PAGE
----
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“Carolina and Constitution” series continues
NOVEMBER 19, 2012
by Vince Moore, Director of News and Media Relations
GREENVILLE, S.C.—Furman University president Rod Smolla, one of the nation’s top constitutional scholars, will present the second of his lectures about South Carolina cases that led to landmark decisions of the U.S. Supreme Court Wednesday, Nov. 28.
The lecture, “The Religion Clauses: Sherbert v. Verner and the Free Exercise of Religion in America,” will begin at 7 p.m. in the Resource Room of the Upcountry History Museum/Furman. It is free and open to the public.
The final lecture of Smolla’s “Carolina and the Constitution” series will take place Tuesday, April 16, 2013.
Smolla’s Nov. 28 lecture will examine a South Carolina case, Sherbert v. Verner (1963), that became one of the nation’s most important cases involving religious liberty.
Adell Sherbert was a South Carolina textile mill worker and Seventh-day Adventist who was fired by her employer because she refused to work on Saturday, her faith’s Sabbath. She was also denied unemployment benefits. Sherbert claimed she was denied her right to freely exercise her religion.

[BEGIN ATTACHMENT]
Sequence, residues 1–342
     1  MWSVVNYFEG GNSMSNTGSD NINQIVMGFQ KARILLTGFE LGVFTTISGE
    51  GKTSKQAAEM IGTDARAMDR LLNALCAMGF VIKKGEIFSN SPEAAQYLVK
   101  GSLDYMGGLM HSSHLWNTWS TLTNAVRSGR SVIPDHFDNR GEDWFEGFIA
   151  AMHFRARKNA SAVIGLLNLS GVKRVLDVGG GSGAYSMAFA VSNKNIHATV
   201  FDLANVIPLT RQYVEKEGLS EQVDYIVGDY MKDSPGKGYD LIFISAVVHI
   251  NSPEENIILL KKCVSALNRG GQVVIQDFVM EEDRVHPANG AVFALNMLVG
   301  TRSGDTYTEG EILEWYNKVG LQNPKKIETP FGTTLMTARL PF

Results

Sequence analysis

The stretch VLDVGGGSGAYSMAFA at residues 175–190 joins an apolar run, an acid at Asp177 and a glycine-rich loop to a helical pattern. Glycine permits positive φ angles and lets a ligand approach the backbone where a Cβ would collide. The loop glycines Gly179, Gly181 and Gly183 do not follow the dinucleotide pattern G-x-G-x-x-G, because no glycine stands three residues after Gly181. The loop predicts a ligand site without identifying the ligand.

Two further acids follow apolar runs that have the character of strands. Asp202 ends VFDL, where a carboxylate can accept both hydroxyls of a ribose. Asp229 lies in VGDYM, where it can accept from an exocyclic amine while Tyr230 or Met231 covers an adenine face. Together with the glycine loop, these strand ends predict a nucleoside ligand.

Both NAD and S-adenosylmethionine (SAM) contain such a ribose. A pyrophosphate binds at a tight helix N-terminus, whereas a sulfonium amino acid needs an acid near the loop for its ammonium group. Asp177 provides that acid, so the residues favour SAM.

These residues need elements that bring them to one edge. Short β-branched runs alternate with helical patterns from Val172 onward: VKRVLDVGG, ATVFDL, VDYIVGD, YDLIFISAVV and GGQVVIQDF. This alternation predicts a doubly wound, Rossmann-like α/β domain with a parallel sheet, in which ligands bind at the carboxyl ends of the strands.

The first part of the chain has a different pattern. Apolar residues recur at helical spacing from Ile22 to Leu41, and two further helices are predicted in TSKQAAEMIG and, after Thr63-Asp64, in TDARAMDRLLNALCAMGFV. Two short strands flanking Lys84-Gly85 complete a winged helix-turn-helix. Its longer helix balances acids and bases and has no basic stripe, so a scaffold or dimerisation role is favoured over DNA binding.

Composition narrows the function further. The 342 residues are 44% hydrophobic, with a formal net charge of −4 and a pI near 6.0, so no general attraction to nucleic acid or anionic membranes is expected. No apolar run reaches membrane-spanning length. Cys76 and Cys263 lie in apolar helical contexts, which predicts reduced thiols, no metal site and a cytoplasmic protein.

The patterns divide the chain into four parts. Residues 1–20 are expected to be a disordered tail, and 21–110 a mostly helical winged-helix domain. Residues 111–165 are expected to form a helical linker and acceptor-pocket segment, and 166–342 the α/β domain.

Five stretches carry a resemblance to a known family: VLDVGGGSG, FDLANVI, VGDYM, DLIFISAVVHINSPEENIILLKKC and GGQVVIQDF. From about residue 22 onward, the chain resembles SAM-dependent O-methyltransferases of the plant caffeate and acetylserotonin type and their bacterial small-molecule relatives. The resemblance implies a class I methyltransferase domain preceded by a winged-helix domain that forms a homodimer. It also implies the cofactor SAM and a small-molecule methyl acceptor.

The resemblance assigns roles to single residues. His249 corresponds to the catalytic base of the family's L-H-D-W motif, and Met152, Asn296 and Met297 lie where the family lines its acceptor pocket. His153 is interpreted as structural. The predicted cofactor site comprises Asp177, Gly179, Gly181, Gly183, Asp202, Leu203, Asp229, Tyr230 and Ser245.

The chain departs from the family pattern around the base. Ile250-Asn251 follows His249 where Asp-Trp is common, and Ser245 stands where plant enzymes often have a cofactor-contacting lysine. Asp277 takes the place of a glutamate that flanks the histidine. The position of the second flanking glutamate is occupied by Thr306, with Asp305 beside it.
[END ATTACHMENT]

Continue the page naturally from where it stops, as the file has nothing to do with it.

Both a state trial court and the South Carolina Supreme Court affirmed the decision by the Employment Security Commission. But in a 7-2 decision, the U.S. Supreme Court reversed the Commission and the lower courts, finding that denying Sherbert’s claim was an unconstitutional burden on the free exercise of her religion. The majority opinion created the Sherbert Test, determining whether government action runs afoul of the Free Exercise Clause.
Smolla is nationally recognized as a scholar, teacher, advocate and writer, and is one of America’s foremost experts on issues relating to freedom of speech, academic freedom and freedom of the press. He holds degree from Yale University and Duke University Law School.
Prior to coming to Furman, Smolla served as dean of the law schools at Washington and Lee and the University of Richmond. He has also been Director of the Institute of Bill of Rights Law at the College of William & Mary.
During his legal career, Smolla has presented arguments in state and federal courts, including the U.S. Supreme Court. He is the author of several books, including Free Speech in an Open Society and Jerry Falwell v. Larry Flynt: The First Amendment on Trial. His most recent book, The Constitution Goes to College, describes the constitutional principles and ideas that have shaped American higher education.
A complete description of the “Carolina and the Constitution” series is available online. For more information, contact Furman’s News and Media Relations office at 864-294-3107.